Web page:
4. Meditation For a Greater Creativity
5. Mental Mapping for More Brain Power.
Power Packed Summer for the Creative & Not So Creative Beings :)
SAVE THE TREES ; SAVE THE ENVIRONMENT
SAVE THE TREES; SAVE THE ENVIRONMENT
Reasons Living Trees Are Valuable
The trees around us are extremely important and have always been necessary for improving the human condition - both during its life and after harvest. It is not a stretch to believe that without trees we humans would not exist on this beautiful planet.
At the very beginning of our human experience, trees were considered sacred and honorable: oaks were worshiped by the European Druids, redwoods a part of American Indian ritual, baobabs a part of African tribal life, to the Chinese the ginkgo link and monkey puzzles to the Chilean Pehuenche. Romans and scholars during the Middle Ages venerated trees in their literature.
1. Trees Produce Oxygen
Let's face it, we could not exist as we do if there were no trees. A mature leafy tree produces as much oxygen in a season as 10 people inhale in a year. What many people don't realize is the forest also acts as a giant filter that cleans the air we breath.
2. Trees Clean the Soil
The term phytoremediation is a fancy word for the absorption of dangerous chemicals and other pollutants that have entered the soil. Trees can either store harmful pollutants or actually change the pollutant into less harmful forms. Trees filter sewage and farm chemicals, reduce the effects of animal wastes, clean roadside spills and clean water runoff into streams.
3. Trees Control Noise Pollution
Trees muffle urban noise almost as effectively as stone walls. Trees, planted at strategic points in a neighborhood or around your house, can abate major noises from freeways and airports.
4. Trees Slow Storm Water Runoff
Trees reduce runoff by breaking rainfall thus allowing the water to flow down the trunk and into the earth below the tree. This prevents stormwater from carrying pollutants to the ocean. When mulched, trees act like a sponge that filters this water naturally and uses it to recharge groundwater supplies.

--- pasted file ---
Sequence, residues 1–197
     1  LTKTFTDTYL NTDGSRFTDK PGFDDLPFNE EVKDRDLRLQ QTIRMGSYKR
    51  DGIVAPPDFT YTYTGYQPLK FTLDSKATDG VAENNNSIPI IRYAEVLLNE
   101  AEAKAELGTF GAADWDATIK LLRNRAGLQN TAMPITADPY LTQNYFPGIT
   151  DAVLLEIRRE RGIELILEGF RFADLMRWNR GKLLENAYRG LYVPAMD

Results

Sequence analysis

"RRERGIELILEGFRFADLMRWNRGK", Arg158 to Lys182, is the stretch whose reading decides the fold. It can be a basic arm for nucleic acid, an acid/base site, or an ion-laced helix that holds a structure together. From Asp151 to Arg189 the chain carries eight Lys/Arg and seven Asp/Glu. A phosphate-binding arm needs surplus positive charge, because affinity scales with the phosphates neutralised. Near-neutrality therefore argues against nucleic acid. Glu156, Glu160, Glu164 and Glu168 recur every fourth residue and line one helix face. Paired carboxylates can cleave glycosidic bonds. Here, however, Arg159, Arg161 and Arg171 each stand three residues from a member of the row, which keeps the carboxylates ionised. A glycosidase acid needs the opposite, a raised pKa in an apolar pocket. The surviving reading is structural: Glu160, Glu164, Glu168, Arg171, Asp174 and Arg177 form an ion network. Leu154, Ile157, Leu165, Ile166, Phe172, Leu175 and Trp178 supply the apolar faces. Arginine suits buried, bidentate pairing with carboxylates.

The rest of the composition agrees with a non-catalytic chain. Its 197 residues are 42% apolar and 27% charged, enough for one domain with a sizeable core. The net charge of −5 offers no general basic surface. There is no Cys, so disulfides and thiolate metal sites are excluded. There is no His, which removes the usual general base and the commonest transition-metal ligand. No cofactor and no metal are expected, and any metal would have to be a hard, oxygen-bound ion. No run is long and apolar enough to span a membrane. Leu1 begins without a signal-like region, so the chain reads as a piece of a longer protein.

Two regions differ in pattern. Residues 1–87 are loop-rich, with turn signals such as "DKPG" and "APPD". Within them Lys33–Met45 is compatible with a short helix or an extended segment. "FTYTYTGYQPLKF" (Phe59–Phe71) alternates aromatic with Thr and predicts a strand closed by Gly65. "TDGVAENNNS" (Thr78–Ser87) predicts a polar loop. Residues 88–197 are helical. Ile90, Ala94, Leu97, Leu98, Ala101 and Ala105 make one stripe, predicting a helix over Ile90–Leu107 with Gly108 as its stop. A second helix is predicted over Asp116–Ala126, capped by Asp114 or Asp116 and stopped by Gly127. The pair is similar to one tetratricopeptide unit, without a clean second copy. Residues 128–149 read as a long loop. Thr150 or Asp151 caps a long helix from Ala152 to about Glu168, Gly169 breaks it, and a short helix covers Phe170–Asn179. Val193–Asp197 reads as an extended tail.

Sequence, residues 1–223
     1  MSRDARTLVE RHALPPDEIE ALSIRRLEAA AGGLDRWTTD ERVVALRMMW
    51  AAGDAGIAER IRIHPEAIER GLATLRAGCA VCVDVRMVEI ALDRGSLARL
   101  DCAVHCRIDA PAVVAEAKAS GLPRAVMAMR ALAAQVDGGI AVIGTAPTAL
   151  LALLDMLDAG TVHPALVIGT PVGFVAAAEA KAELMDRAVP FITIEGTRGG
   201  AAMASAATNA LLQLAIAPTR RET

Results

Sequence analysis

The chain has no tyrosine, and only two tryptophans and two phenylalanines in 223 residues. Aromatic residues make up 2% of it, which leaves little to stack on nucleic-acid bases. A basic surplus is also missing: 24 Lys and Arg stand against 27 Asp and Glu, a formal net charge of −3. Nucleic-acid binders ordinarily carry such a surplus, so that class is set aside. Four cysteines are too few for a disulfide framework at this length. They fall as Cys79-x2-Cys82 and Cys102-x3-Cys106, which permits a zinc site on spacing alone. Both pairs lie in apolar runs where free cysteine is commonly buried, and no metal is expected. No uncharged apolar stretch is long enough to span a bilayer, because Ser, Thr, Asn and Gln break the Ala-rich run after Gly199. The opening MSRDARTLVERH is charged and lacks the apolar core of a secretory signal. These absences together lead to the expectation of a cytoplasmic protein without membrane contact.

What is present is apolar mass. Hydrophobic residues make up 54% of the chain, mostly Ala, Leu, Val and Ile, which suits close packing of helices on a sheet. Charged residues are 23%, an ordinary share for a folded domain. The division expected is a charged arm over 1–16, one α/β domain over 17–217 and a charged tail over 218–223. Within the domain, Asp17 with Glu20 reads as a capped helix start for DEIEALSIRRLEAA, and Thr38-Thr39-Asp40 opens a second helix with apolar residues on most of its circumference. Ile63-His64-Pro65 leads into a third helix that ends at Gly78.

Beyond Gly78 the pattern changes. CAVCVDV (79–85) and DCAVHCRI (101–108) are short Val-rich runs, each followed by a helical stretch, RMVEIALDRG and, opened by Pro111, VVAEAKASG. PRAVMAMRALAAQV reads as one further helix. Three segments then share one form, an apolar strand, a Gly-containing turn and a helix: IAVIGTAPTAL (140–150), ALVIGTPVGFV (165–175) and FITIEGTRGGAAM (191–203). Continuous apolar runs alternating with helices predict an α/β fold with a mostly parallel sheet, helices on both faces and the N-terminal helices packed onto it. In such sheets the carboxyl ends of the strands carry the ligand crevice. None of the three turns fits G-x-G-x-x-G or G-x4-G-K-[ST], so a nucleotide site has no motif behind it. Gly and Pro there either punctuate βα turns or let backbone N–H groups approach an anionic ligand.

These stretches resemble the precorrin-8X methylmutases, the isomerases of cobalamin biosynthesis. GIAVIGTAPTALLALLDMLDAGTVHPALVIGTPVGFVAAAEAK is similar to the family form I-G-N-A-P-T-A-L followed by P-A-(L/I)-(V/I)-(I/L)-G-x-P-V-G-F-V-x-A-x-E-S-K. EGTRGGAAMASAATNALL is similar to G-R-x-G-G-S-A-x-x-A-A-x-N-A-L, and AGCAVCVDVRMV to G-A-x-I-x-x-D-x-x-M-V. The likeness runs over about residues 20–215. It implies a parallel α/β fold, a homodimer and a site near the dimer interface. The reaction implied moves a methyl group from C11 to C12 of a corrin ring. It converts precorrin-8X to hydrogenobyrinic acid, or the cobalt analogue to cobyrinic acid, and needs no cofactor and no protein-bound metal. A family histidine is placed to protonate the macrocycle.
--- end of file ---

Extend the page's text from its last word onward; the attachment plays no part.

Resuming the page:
5. Trees Are Carbon Sinks
To produce its food, a tree absorbs and locks away carbon dioxide in the wood, roots and leaves. Carbon dioxide is a global warming suspect. A forest is a carbon storage area or a "sink" that can lock up as much carbon as it produces. This locking-up process "stores" carbon as wood and not as an available "greenhouse" gas.
6. Trees Clean the Air
Trees help cleanse the air by intercepting airborne particles, reducing heat, and absorbing such pollutants as carbon monoxide, sulfur dioxide, and nitrogen dioxide. Trees remove this air pollution by lowering air temperature, through respiration, and by retaining particulates.
7. Trees Shade and Cool
Shade resulting in cooling is what a tree is best known for. Shade from trees reduces the need for air conditioning in summer. In winter, trees break the force of winter winds, lowering heating costs. Studies have shown that parts of cities without cooling shade from trees can literally be "heat islands" with temperatures as much as 12 degrees Fahrenheit higher than surrounding areas.
8. Trees Act as Windbreaks
During windy and cold seasons, trees located on the windward side act as windbreaks. A windbreak can lower home heating bills up to 30% and have a significant effect on reducing snow drifts. A reduction in wind can also reduce the drying effect on soil and vegetation behind the windbreak and help keep precious topsoil in place.
9. Trees Fight Soil Erosion
Erosion control has always started with tree and grass planting projects. Tree roots bind the soil and their leaves break the force of wind and rain on soil. Trees fight soil erosion, conserve rainwater and reduce water runoff and sediment deposit after storms.
10. Trees combat the climate change
Excess carbon dioxide (CO2) caused by many factors is a building up in our atmosphere and contributing to climate change. Trees absorb CO2, removing and storing the carbon while releasing the oxygen back into the air. In one year, an acre of mature trees absorbs the amount of CO2 produced when you drive your car 26,000 miles.
11. Trees shield children from ultra-violet rays
Skin cancer is the most common form of cancer in the United States. Trees reduce UV-B exposure by about 50 percent, thus providing protection to children on school campuses and playgrounds - where children spend hours outdoors.
12. Trees provide food & wood
An apple tree can yield up to 15-20 bushels of fruit per year and can be planted on the tiniest urban lot. Aside from fruit for humans, trees provide food for birds and wildlife.
Other trees also provide wood in time of need for humans.